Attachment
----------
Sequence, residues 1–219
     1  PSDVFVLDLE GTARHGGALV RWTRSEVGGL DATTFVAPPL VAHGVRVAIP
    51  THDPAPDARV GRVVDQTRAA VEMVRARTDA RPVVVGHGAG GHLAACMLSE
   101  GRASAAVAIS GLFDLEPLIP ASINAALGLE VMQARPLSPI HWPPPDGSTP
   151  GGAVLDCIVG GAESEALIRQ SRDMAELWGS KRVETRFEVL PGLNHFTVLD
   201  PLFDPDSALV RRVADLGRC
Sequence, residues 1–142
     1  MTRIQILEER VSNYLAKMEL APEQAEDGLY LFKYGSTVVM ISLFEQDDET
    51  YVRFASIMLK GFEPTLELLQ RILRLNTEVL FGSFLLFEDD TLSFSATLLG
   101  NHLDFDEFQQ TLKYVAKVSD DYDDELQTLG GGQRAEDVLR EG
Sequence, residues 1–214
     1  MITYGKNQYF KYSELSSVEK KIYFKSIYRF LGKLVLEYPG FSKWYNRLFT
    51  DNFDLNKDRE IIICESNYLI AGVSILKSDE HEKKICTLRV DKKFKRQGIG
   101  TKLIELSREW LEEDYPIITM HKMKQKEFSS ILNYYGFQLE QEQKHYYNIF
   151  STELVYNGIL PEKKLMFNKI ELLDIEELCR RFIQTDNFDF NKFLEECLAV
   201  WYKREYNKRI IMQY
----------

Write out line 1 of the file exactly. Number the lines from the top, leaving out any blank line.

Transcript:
Sequence, residues 1–219